Category Archives: Image Editing Solutions

Tools for digital image editing.

Digital Exposures – File Type Considerations & WB tools

Deciding on which in-camera file type to save is usually based on your needs and digital image file knowledge.  In a nutshell, RAW files provide more data and provide more options for editing.  If you are working a tough lighting situation then RAW probably a better choice.

Well, what about normal or good lighting scenarios?

  • If you need speed then JPEG is *usually* better (it will take less time for your camera to store a JPEG file than a RAW file – this is simply math – RAW files are usually several times larger than corresponding JPEG files; writing less data to a memory card *should* take less time…  A scenario (today, anyway) where JPEG makes sense might be any sport activity with rapid action – you don’t want to be waiting for your camera to save the last image to take that next picture…
  • Otherwise, I suggest staying with RAW
  • For some cameras you can save both RAW & JPEG (or perhaps other image file formats like TIFF.)  This can be useful if you need both lattitude in development (i.e. from selected RAW images) and faster processing (i.e. from JPEG files; smaller file ~= less time to process for output/delivery.)  Note that this setting consumes storage space RAPIDLY…

Editing your images – some guideline/suggested limits

Ok, you are now back at your computer and making your selects.  Let’s say that you have at least a few images where the exposure was not perfect and you need to make adjustments – how far can you go before your changes start impacting image quality?  It depends on several variables but for this discussion we will assume that you camera is set to the highest quality image that it can produce.  In general, for exposure changes we can adjust:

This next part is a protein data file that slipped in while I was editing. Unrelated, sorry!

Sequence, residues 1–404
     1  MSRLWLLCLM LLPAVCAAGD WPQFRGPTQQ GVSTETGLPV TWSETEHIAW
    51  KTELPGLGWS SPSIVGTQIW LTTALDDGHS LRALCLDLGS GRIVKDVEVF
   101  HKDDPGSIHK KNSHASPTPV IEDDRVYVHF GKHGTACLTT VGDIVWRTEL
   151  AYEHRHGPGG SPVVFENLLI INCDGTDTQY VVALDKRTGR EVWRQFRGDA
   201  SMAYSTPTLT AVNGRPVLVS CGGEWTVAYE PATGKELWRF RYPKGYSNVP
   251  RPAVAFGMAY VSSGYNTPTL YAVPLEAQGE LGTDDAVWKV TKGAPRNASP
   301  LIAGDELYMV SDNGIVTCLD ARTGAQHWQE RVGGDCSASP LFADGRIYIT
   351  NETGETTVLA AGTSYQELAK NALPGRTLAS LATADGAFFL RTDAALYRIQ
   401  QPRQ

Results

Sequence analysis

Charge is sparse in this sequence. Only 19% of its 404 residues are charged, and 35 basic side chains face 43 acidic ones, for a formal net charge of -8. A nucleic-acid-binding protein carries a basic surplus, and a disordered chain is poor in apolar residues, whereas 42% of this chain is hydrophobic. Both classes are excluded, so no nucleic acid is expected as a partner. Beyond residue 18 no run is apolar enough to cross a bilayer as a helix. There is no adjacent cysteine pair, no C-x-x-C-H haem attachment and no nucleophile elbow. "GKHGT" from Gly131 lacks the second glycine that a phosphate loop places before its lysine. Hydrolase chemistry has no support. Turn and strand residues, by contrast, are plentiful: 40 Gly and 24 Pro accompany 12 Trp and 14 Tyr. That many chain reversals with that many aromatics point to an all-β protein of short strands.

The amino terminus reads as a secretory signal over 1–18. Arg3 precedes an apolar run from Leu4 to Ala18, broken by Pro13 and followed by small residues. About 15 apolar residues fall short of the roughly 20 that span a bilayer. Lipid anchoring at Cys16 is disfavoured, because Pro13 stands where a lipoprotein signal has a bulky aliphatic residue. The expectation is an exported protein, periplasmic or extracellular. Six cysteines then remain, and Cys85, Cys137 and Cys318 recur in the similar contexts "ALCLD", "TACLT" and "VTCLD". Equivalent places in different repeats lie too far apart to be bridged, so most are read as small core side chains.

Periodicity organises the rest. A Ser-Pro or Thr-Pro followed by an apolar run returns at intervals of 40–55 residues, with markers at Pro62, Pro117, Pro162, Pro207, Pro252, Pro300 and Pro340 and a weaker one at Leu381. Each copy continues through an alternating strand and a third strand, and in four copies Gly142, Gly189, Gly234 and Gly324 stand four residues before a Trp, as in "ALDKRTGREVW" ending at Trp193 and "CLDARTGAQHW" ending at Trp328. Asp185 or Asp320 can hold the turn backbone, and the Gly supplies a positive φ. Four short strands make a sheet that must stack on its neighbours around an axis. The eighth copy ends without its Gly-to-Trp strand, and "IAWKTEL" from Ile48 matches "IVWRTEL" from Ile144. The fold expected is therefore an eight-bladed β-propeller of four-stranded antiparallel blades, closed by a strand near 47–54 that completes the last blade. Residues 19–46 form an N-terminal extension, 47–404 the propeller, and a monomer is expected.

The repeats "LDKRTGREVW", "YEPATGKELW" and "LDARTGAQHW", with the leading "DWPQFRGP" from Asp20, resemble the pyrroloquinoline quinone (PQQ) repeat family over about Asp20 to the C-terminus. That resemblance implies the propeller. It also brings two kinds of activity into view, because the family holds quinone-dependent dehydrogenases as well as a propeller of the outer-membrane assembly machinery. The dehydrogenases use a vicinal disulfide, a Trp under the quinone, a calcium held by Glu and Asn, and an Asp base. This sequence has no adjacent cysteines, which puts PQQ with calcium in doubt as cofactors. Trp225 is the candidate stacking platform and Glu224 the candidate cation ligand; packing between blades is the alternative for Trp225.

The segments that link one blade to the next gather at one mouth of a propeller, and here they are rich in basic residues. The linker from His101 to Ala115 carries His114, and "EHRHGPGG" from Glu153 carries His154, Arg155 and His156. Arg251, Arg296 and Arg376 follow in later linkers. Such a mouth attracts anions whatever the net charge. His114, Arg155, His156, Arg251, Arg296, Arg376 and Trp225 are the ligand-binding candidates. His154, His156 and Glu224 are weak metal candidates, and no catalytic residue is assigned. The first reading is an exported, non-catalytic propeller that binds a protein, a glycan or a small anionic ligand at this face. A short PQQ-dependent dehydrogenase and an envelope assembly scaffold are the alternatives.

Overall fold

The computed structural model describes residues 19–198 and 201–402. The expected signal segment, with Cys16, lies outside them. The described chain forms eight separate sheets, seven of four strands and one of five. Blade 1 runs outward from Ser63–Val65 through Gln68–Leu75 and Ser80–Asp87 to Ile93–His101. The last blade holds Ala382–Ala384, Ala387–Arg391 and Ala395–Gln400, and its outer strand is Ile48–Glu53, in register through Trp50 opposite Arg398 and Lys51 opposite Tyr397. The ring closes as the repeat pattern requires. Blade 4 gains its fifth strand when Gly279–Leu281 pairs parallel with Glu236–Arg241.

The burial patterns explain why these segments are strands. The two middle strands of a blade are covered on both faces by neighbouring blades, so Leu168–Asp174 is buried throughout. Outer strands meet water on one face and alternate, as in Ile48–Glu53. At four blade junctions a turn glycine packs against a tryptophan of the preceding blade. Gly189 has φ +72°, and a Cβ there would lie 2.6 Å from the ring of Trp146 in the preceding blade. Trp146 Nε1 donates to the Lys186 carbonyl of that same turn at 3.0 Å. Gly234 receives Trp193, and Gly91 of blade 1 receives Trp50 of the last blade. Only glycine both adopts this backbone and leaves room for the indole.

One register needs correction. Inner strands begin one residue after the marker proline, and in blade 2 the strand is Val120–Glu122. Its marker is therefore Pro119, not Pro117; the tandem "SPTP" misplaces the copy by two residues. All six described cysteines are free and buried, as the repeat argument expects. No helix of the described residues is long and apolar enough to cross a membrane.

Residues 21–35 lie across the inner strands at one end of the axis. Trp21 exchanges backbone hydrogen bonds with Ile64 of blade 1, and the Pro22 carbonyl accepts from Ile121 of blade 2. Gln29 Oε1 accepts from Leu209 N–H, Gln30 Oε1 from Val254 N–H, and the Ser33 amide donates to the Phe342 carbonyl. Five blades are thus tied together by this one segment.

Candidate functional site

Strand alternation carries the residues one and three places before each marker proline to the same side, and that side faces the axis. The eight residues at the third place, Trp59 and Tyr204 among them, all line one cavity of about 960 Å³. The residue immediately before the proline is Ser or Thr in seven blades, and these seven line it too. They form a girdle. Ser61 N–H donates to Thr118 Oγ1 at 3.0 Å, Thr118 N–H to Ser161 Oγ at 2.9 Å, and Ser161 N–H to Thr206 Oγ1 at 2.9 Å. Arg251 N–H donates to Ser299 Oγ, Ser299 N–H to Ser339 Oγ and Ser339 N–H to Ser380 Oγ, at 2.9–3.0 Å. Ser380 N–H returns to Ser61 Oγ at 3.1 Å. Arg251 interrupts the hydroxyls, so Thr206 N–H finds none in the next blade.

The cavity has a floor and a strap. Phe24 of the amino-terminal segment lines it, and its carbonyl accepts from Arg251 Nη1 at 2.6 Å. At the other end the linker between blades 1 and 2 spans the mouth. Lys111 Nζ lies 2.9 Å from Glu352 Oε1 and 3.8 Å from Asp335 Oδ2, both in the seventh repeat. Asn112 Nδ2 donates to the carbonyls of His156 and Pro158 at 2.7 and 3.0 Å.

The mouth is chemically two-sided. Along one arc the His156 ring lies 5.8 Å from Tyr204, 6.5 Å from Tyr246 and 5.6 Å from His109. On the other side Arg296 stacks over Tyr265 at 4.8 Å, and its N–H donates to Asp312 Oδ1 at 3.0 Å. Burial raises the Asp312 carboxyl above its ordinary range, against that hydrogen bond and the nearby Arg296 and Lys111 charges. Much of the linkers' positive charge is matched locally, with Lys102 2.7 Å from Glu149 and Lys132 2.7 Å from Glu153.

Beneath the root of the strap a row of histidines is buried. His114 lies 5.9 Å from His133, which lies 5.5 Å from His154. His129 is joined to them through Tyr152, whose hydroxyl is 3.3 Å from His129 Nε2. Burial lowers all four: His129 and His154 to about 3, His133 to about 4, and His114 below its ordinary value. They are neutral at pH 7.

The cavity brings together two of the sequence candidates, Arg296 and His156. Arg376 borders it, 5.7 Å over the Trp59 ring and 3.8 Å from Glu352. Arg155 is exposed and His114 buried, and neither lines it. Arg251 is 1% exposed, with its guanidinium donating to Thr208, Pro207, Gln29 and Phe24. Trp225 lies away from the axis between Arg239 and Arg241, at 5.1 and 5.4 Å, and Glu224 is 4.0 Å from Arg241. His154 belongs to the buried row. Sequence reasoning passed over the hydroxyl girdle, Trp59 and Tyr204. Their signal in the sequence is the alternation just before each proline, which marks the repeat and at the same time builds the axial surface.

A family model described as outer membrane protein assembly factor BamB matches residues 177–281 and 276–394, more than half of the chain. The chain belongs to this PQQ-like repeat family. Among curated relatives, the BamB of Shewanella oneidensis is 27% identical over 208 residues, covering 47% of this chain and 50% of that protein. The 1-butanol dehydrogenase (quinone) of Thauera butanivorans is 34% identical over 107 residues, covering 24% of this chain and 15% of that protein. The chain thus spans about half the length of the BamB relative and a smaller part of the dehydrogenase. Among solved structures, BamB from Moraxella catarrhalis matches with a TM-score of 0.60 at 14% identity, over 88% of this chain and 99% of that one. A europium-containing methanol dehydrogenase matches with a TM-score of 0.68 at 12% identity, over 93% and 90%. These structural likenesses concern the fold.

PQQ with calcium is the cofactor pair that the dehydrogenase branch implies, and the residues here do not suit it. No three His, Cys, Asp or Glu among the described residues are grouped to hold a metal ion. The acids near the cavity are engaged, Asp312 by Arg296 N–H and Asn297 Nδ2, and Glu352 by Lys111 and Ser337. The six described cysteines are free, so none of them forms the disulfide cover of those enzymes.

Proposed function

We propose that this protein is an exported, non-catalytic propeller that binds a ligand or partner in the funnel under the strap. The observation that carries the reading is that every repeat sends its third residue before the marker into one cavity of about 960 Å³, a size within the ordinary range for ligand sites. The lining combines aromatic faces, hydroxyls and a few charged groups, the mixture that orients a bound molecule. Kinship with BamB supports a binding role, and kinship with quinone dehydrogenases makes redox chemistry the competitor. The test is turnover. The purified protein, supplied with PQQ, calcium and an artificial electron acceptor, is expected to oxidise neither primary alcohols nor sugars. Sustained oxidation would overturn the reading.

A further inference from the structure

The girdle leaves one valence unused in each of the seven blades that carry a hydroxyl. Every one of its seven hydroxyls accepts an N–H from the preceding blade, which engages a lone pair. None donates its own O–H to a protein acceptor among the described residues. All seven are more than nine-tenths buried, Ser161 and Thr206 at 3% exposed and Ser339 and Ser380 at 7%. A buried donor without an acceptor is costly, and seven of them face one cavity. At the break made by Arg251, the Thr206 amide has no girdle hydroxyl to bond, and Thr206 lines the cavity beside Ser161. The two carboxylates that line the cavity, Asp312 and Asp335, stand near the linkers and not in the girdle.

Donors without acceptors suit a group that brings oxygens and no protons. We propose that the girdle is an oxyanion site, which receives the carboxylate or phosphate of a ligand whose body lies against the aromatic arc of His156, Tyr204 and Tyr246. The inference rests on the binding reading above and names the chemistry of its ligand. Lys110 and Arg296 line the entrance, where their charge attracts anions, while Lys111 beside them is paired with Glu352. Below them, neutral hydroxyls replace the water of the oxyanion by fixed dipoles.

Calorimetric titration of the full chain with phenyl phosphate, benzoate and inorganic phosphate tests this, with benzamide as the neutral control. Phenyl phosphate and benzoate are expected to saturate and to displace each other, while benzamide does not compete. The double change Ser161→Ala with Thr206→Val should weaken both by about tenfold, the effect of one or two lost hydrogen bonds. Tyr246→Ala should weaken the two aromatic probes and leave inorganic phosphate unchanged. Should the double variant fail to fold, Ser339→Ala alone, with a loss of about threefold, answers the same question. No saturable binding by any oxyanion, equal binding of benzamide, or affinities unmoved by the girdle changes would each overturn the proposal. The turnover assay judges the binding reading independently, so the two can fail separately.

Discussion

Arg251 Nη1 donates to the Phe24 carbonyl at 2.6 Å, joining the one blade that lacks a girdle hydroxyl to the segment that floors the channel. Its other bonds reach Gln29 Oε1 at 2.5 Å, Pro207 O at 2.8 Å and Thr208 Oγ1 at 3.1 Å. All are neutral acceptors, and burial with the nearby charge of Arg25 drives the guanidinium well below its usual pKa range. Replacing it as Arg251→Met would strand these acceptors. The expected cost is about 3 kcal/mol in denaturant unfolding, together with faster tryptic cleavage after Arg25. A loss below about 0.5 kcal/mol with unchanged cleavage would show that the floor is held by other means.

JPEG  – exposure latitude = < 1 stop

  • suggest edit limit of 1/3 stop over OR
  • 1/2 stop under exposure

RAW – exposure latitude =  6-8 stops (could be more – depends on image sensor)

  • suggest edit limit of 1 stop over/under

Note that you can surely make larger changes than those suggested above – the point is that you want to get your capture to be within easily editable ranges.  So, how can you get your exposure as close to possible to ideal? I suggest:

  • taking test pictures and evaluating the histograms (See below) AND/OR
  • consider using the bracketing features of your camera (auto-bracketing is a feature where your camera will capture multiple images and vary the exposures based on how you configure the bracketing option.)

Histograms

  • scene dependant brightness levels and quantity of pixels in an image
  • histograms from RAW files actually display, interpolated JPEG data
  • 0  = black, dark side (usually on the left, i.e. dark areas with shadows)
  • 255 = brightest, white side (usually on the right,  i.e. the sky)
  • a ‘balanced’ histogram is ‘well exposed’
  • too light (high values on the right) = contains some under-exposed areas
  • too dark (high values on the left) = contains some over-exposed areas
  • clipping occurs when ‘detail’ is lost (values on the extreme left or extreme right of the histogram)